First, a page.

The 25% of bonds JPMorgan did not buy were oversubscribed. Four other investors are understood to have bought bonds. Insurers, thought to include Aviva Investors, were mostly interested in AAA tranches; hedge funds (still big players in US CMBS, as they search for higher yields) took positions in everything below. M&G Investments took €151.6m of mezzanine exposure.
There were five rated senior tranches and published pricing for the five-year bonds ranged from 184bps over three-month Libor for the AAA tranche, to 792bps for a €50m BBB-/BBB-rated class, a loan-to-value ratio of up to 63.6% (see table). There are also two junior, unrated tranches, class F and G.
Market sources say the return was “pretty decent” for five-year money, particularly compared to the 165bps blended pricing across six classes borrower Deutsche Annington is offering noteholders in the proposed extension and restructuring of the €4.4bn GRAND multi-family housing CMBS.
“There is still huge demand for bonds; the question is how much can you place?” adds the source. He reckons half this size, easily, on a regular basis. “The way this priced, it worked well for investors and shows CMBS markets are alive, but perhaps not for €1bn-plus deals at this point.”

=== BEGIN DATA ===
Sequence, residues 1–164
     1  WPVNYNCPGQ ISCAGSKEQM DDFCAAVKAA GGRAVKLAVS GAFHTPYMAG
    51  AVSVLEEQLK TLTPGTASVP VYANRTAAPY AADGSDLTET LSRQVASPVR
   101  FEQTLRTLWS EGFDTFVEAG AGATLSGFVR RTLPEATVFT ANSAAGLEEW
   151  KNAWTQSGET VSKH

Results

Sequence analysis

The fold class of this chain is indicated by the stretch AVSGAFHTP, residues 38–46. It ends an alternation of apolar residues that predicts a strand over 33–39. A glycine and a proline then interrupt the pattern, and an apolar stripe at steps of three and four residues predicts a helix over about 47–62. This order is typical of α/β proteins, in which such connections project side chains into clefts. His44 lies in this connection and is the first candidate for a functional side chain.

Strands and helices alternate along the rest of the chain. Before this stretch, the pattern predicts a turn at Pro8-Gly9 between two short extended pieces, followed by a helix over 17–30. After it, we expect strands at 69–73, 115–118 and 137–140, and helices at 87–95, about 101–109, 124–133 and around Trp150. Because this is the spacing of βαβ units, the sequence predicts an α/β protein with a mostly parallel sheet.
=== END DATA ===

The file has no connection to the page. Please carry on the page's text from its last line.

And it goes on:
It was also significant that this was Europe’s first agency deal where the issuer company, rather than a bank, was the originator and satisfied the 5% retention requirements under the Capital Require-ments Directive (CRD).
Earlier it had been uncertain whether arranger Deutsche Bank would have to keep a portion of the bonds, given that the CRD rules are drafted in the context of RMBS, which presume a bank will make the retention. But Deutsche Bank did not have to do so in this case and it never took balance-sheet risk on the loan.
The deal marks significant changes to the typical servicer arrangements seen in CMBS deals before the credit crunch: most notably there is no controlling class. The two ratings agencies that rated the deal were torn in their opinions on this. DBRS was concerned that substantial control rights on maturity action could slow down the servicer’s ability to act.